So you can imagine, after how much trouble they had to go through to find an alloy of aluminum and steel, how hard balancing an aluminum+steel+titanium alloy would be. It certainly would not have simple properties that you could guess from the base materials.

As a general rule, we use carbon steel and stainless steel because they are the optimal alloys we have found. They have very good properties, so they get used. It will be difficult to guess an arbitrary mixture of metals which, when alloyed together, will outperform what generations of scientists and engineers have spent painstakingly optimizing.

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  • $\begingroup$ "You can almost get a masters degree in Steel." - Not exactly true. You can certainly get a master degree in Steel, available as specialization under Materials Science, Material Engineering, Metal Technologies and similar courses. $\endgroup$ – Mołot Nov 20 '18 at 8:30
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Different alloys are created to provide different properties, so perhaps you should recast this differently. What, exactly do you want your material to do (what properties are important?) and the alloy might already exist for you to select from a materials handbook.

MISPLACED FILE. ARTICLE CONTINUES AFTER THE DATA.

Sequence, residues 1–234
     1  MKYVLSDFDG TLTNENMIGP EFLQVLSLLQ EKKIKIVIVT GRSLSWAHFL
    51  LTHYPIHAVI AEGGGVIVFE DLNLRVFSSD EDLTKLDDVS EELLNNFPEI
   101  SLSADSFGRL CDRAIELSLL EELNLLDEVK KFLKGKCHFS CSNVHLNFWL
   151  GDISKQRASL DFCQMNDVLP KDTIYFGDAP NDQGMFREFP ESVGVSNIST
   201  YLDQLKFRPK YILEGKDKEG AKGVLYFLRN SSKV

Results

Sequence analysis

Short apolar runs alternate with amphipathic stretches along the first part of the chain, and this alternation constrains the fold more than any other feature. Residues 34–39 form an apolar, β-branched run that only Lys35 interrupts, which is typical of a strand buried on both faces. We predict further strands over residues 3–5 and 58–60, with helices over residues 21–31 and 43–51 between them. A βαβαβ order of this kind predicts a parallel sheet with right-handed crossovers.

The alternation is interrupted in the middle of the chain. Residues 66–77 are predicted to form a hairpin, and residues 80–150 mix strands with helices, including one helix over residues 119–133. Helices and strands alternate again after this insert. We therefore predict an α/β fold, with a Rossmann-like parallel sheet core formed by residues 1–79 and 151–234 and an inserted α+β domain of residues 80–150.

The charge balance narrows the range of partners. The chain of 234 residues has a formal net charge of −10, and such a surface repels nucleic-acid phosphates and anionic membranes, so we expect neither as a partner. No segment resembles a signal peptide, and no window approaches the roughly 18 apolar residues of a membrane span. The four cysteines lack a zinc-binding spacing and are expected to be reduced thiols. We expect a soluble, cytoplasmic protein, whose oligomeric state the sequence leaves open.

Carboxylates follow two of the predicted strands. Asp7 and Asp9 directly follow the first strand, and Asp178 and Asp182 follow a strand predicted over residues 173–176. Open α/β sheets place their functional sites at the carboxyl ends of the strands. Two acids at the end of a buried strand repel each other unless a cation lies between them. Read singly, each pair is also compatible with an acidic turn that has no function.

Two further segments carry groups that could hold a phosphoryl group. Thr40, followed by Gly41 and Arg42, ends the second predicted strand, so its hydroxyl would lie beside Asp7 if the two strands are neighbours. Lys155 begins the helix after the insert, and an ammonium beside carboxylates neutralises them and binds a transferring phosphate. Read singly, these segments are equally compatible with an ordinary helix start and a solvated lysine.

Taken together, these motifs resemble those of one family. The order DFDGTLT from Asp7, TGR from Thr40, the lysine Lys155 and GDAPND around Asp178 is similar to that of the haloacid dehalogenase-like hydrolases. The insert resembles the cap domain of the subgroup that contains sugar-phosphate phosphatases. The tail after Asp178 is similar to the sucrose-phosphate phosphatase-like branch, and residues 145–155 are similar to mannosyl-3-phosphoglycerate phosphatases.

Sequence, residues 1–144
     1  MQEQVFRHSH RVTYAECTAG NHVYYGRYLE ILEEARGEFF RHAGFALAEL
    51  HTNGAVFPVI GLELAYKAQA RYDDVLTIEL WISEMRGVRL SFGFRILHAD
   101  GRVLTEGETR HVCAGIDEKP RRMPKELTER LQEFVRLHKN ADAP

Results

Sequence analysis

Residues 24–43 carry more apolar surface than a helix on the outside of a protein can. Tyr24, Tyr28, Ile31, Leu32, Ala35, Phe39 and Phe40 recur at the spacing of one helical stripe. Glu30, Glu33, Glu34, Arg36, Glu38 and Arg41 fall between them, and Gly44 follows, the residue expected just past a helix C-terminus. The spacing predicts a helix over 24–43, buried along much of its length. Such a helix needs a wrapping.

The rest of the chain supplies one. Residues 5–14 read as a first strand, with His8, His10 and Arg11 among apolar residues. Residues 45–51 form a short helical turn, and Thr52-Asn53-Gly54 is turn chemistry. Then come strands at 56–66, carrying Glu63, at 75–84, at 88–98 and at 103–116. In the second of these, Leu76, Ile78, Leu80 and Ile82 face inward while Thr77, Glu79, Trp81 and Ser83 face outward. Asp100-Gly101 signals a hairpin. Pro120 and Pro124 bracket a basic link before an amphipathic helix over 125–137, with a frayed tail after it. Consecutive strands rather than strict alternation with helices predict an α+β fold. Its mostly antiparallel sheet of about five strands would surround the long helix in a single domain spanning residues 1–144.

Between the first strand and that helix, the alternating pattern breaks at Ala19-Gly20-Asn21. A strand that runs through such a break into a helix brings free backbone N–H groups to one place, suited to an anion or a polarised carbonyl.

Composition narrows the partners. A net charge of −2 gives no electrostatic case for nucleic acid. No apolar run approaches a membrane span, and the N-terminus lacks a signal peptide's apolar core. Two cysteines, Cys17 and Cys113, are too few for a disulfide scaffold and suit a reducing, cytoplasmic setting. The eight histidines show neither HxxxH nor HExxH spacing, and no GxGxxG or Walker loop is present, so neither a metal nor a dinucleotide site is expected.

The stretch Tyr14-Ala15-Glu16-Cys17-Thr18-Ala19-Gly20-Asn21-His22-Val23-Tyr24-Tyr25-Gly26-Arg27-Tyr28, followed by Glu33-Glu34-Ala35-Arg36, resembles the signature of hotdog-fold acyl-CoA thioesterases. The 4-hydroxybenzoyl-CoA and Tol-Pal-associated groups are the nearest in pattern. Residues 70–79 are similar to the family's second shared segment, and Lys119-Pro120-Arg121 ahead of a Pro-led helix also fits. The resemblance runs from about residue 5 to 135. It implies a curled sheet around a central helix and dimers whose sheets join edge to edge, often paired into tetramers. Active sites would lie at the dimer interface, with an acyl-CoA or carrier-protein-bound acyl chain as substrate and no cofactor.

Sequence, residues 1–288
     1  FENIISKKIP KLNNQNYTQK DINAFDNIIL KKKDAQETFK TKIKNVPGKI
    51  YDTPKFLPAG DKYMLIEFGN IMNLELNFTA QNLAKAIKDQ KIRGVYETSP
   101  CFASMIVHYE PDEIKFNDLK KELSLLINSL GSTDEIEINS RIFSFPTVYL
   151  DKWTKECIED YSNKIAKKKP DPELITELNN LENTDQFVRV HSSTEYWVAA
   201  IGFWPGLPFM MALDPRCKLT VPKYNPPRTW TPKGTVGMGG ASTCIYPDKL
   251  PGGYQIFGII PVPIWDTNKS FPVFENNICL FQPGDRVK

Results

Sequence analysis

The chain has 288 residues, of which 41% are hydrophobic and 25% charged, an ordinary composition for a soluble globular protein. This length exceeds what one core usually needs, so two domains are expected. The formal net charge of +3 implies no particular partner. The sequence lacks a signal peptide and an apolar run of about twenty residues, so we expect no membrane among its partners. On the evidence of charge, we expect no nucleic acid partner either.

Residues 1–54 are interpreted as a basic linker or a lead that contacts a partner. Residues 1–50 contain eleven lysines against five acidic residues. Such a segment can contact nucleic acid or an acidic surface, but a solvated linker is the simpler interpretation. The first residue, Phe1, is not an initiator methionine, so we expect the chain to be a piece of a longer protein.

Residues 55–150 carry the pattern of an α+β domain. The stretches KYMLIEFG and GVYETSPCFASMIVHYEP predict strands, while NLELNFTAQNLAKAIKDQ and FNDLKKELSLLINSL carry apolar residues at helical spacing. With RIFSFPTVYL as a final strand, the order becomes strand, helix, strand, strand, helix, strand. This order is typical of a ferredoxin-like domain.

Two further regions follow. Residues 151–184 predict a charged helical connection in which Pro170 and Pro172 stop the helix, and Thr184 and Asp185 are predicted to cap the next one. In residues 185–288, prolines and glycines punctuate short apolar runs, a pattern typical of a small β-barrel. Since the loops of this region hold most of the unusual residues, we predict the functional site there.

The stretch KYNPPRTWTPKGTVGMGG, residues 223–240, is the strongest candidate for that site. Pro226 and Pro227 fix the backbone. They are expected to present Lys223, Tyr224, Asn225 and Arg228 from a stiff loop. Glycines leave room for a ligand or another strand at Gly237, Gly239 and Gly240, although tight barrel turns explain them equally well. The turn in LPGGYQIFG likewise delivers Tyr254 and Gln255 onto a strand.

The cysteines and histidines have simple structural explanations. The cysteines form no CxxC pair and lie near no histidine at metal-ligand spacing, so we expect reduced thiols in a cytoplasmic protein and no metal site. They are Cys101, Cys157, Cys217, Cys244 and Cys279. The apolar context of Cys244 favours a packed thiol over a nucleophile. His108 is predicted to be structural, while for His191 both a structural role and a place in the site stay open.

Your particular idea (iron, carbon, chromium, aluminum and titanium) is unlikely even today because the vastly differing properties of the materials, in particular aluminum. Aluminum has very different density than the iron, as well as different melting points etc. The inclusion of carbon (to make iron into steel) is usually done in minute amounts so the carbon can diffuse through the melt and the crystallization of the iron is affected by the presence of the carbon (generally no more than 2%). The addition of 10%+ chromium to the melt makes stainless steel.

I'm not entirely clear what the inclusion of aluminum will do to iron, (or for that matter, adding iron to aluminum mixtures), but since this does not seem to have been done to date, I suspect there is a reason for that.

WRT wanting to make a stronger steel structure, you can see that adding enough chromium to make stainless steel would probably make the steel skeleton prohibitively expensive. Carbon steel is much harder, but also more brittle, and can tend to rust quickly. Once specifications are made, metallurgists can start to experiment to create new formulations to meet the standard. Generally the state of the art will advance incrementally, in OTL the demand for strong, inexpensive and "tough" steel grew as more and more skyscrapers were being ordered (and this was due to a combination of land prices, the invention of the elevator and the prestige associated with tall buildings from the late 1800's to about the late 1960's). So the steel follows the demands rather than leads them.

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  • $\begingroup$ "In OTL"? What is that? $\endgroup$ – JDługosz Jan 21 '16 at 9:45
  • $\begingroup$ In our timeline. $\endgroup$ – JohnWDailey Jan 21 '16 at 13:09